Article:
We are less than a week away from Christmas. Whether you are single woman, a new mom, or an empty nester, you are probably feeling the pinch to your pocketbook of holiday preparations, parties, and presents. National spending this holiday season is on pace to exceed last year’s levels, but there are many households that struggle just to meet everyday expenses. The best gift that Washington can deliver to all Americans is to allow them to keep more of what they earn.
A tale of two households: Those with cash to spend and those living paycheck to paycheck
Consumers are in the mood to spend this year. According to Gallup, Americans plan to spend $862 on Christmas gifts this year – up over $100 from last year. Not everyone has that kind of cash laying around; many women and families have no savings. According to a recent Federal Reserve study, nearly half of all Americans would not be able to come up with $400 in an emergency.
A significant number of Americans are living paycheck to paycheck, and it’s not just low-income Americans. Ten percent of those earning at least $100,000 – middle class in many areas – say they struggle to make ends meet as well. Paychecks simply have not kept pace with the cost of living even while our economy has improved.
Overall wage growth has been at its slowest pace in decades, and women's paychecks have been even slower to rise. Women have made gains in the workplace and now make up 47 percent of the U.S. workforce. We are primary or sole breadwinners for more than 40 percent of U.S. homes and manage household budgets. So, we are acutely aware of just how much every extra dollar counts.
Women will see their paychecks grow because of tax cuts
Cutting taxes and reforming the current outdated tax code are the kind of pro-growth policies that will deliver better-paying jobs, fairer taxes, and bigger paychecks. The Tax Cuts and Jobs Act promises to do that.
Families at all income levels will receive a tax cut in 2019 with larger percentage cuts for middle income earners according to projections from the Joint Committee on Taxation. Consider these scenarios: A single dad with two kids earning $50,000 would see his taxes fall by nearly $1,900. A married couple with two earners and two kids making $165,000 would see their taxes fall $2,200. That additional $150 - $180 per month is money that these families can save for a vacation or use for date-nights and daily expenses.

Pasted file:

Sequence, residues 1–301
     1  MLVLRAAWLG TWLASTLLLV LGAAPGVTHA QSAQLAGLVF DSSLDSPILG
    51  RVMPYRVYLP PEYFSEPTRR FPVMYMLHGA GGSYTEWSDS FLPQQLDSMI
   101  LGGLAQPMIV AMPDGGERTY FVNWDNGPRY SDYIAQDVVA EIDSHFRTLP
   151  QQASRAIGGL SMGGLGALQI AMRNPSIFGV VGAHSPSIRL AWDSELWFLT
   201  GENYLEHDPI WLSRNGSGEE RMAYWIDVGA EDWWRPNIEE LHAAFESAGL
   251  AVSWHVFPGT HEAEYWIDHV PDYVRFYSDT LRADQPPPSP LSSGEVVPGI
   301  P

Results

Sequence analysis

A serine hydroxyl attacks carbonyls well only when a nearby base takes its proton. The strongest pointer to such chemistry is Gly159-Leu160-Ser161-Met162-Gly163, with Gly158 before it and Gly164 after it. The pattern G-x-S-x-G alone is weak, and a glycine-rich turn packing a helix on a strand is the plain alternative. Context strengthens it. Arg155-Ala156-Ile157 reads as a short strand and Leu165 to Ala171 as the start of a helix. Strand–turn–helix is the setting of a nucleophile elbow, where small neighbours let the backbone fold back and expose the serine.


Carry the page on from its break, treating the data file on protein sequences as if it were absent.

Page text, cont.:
Families are a priority under tax reform
Tax cuts for families, working moms, and individuals are just one benefit. The final bill doubles the standard deduction, meaning no matter if you’re single or married, more of your money will be tax free. For single people, that means the first $12,000 you earn is protected from taxes. For married couples, that’s $24,000, up from the current $12,700. For single moms and dads who file with the Head of household status, the new standard deduction will be $18,000, up from $9,350.
The plan also expands the Child Tax Credit to help with the cost of raising children. Parents with kids will get $2,000 per child, up from $1,000 in current law, and the first $1,400 would be refundable, which will really help poor and middle class households. In addition, they will receive a $500 credit for non-child dependents (such as elderly parents or other family members who need care).
Additional tax relief will also help women and families open their homes to adopt children, put money away for college, educational expenses, and retirement, and continue to support charities that strengthen our communities.
Women benefit as our businesses grow more competitive
Reform on the corporate side will help female workers and families too. Small business and corporate tax cuts coupled with individual tax rate cuts will mean a real boost in earnings -- and access to more jobs -- for millions of people. Three out of four CEOs indicated that successful tax reform would prompt them to increase hiring. At the same time, wages are expected to rise by eight percent over the next ten years if the corporate rate is lowered.
There has been so much misinformation about the tax reform effort including claims that tax reform is a “bad deal for women and families.” That is simply untrue. It’s a hollow talking point from critics who won’t put forward any ideas of their own, but would rather keep our burdensome, unfair tax code just the way it is.
As shoppers grab last-minute gifts this week, their final paychecks of the year could go a lot farther if they earned more and could keep more of what they earn. Congress has delivered pro-growth, pro-family tax reform to every household this year--a welcome gift for women and families, which will be a boost to our budgets and to our economic future.